This publication updates the 2-study meta-analysis published in Stroke journal in 2009 with all clinical data available since on NeuroAiD and provides an overall assessment of the effects of NeuroAiD in improving functional and motor outcomes by the end of treatment. In a systematic review this paper shows that previous studies on NeuroAiD in ischemic stroke in general were of low risk of bias. The meta-analysis showed a statistically significant beneficial effect in favor of NeuroAiD on functional outcome when assessed at the end of study treatment. Although the results did not reach statistical significance, the overall effects on motor recovery were also in favor of NeuroAiD.
The paper reports the pooled analysis of two randomized controlled clinical trials (initial stroke trials in China) that included 605 patients recruited between 2 weeks and 6 months after their stroke. The results show that patients on NeuroAiD have 2.4 times more chances of achieving independence after 1 month of treatment, and have a 25% better recovery in motor impairments. No serious adverse event was reported.
This study of 150 Iranian patients with a recent ischemic stroke (within 1 month) shows that MLC601 improves motor recovery as early as 4 weeks and persisted up to 12 weeks after stroke. Moreover, good tolerability to treatment was shown and adverse events were mild and transient. No severe adverse event leading to drug discontinuation was reported.
This randomized double-blind placebo-controlled study recruited 80 patients within 1 week of stroke, of which 40 received 4 capsules of NeuroAiD 3 times a day and 40 others received placebo for 3 months. The subjects were recruited at Ahvaz Golestan Hospital in Iran from April 2009 to March 2010. This study shows that MLC601 improves cerebral blood flow velocity in post-cerebral infarction subjects better than in the control group. This is associated with more improvement in functional outcome (Barthel Index of activities of daily living) as compared to placebo at 3 months.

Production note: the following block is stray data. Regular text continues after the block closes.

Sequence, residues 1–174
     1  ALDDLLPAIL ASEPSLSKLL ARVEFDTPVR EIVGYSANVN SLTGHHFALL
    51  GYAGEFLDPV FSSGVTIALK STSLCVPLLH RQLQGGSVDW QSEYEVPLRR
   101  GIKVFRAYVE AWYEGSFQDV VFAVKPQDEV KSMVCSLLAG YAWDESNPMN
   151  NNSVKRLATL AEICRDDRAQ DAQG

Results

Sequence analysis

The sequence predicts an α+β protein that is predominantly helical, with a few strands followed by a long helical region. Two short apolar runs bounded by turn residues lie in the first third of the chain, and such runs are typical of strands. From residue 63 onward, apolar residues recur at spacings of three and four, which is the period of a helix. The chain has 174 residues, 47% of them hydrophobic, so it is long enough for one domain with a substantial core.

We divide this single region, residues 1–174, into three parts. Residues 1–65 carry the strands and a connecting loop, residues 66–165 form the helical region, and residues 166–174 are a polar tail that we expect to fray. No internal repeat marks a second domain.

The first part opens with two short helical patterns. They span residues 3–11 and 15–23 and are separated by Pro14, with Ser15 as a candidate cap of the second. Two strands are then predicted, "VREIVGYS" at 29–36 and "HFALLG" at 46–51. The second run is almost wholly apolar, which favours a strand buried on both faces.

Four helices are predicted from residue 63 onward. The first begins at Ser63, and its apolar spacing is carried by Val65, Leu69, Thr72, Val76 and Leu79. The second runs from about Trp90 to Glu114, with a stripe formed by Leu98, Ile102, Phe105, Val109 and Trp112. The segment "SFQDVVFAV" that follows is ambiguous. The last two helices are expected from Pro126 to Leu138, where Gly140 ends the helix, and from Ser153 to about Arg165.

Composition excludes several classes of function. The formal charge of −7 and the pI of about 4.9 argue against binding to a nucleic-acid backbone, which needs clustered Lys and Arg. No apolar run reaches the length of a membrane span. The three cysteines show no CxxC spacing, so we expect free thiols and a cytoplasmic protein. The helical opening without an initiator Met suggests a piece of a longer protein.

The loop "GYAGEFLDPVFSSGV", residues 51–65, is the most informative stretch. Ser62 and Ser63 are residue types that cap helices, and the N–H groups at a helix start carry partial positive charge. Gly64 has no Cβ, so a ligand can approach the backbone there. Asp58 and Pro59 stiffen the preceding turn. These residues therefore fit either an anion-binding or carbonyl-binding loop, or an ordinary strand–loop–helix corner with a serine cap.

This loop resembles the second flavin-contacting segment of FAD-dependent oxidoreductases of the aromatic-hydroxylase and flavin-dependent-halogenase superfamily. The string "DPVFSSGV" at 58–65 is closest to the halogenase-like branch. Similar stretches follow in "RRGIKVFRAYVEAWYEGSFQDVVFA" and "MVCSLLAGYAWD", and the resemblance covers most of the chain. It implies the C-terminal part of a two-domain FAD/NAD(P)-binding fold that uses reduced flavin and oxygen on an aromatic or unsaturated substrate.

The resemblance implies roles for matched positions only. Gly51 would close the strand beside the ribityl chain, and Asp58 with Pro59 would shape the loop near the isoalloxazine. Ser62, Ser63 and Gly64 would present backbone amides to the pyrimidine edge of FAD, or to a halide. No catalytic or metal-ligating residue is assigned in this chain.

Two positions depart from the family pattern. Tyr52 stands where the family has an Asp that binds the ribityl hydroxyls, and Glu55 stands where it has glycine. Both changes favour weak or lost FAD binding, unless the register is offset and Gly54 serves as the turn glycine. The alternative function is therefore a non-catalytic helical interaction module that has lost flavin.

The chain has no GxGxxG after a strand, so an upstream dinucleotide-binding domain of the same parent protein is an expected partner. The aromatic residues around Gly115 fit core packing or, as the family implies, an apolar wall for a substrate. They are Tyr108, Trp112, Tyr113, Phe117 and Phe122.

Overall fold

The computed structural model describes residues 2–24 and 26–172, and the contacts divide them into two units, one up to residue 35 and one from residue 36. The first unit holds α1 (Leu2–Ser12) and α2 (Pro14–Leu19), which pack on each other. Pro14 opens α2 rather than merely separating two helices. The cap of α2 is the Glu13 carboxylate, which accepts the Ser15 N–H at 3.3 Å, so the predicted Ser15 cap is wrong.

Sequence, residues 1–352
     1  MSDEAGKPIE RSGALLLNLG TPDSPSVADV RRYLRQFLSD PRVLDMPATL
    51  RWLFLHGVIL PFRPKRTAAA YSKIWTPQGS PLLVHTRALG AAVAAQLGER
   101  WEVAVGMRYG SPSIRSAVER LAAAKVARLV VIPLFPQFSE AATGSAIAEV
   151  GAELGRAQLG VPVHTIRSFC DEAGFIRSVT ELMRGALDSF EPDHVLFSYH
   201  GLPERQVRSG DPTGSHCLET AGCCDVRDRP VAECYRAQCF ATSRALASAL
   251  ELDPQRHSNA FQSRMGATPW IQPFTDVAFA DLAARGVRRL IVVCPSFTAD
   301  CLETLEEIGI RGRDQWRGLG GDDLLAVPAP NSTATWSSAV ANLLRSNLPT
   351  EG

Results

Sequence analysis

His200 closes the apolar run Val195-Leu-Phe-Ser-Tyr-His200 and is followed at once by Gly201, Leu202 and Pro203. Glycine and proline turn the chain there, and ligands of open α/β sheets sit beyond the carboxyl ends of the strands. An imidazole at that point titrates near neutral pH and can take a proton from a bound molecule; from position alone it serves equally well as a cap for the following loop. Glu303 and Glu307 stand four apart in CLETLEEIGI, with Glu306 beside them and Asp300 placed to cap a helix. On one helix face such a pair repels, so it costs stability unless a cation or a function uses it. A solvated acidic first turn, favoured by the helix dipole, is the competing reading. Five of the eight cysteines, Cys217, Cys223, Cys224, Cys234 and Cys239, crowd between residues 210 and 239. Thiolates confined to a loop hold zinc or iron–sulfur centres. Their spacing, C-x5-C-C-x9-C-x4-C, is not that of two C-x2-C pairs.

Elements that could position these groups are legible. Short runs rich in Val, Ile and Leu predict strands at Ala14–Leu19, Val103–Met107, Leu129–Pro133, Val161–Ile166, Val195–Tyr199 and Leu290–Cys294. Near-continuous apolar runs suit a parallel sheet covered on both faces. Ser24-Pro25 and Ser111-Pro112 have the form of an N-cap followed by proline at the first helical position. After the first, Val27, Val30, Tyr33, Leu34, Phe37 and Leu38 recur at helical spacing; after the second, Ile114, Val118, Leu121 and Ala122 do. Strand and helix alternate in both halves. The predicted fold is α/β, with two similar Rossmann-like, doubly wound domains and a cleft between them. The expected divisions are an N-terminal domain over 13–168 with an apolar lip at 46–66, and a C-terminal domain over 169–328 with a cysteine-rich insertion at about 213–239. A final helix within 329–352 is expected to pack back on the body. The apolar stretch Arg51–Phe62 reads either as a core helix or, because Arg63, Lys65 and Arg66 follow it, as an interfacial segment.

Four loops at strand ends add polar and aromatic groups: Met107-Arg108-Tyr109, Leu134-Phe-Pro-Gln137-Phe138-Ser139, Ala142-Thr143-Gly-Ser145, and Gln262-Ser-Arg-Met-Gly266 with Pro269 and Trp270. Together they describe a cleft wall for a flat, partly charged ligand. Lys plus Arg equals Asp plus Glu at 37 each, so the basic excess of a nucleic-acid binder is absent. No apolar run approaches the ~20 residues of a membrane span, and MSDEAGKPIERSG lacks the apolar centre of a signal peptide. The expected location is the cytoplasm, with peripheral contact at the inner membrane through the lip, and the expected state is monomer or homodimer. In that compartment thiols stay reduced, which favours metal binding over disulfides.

In the clinic, the natural recovery rate of homonymous hemianopsia caused by occipital lobe infarction is low. This prospective study compared the effects of NeuroAiD (MLC601) versus piracetam in improving visual field defects in 40 patients matched for age and sex within 1 week of PCA infarction with pure homonymous hemianopsia. After 3 months of treatment, the findings suggest that MLC601 is superior to piracetam for reducing quantitative visual field defects in homonymous hemianopsia patients.
This study on 150 patients with acute ischemic stroke within 1 week of onset demonstrates the longterm (up to 6 months) safety of NeuroAiD in a Caucasian population. While mild nausea was more commonly reported in the NeuroAiD group, none of the reported adverse events were serious or required discontinuation of treatment. There was no significant change observed in blood pressure, hematologic, hepatic, and renal functions during treatment with NeuroAid and up to 3 months after completion of a 3-month regimen. These data confirm the excellent safety profile of NeuroAiD in patients with acute ischemic stroke during treatment and long after completion of treatment.
This study on 114 patients with acute ischemic stroke randomized within 48 hours of onset shows that serious adverse events (SAEs) were similar between the group treated with placebo and the group treated with MLC601. The SAEs reported were those commonly seen in stroke patients. There were neither statistically or clinically significant differences between treatment groups in biochemical, haematological, or electrocardiogram tests at 3 months, nor any statistically or clinically significant differences in the absolute and relative changes of the various parameters between baseline and 3 months. Thus, MLC601 is safe for patients with acute stroke receiving a 3-month treatment.
NeuroAiD does not significantly affect hematological, hemostatic, and biochemical parameters in normal and stroke patients. Clinical parameters and expected effects of aspirin are not altered by co-administration of the drug even when started and maintained at the early stage of acute stroke.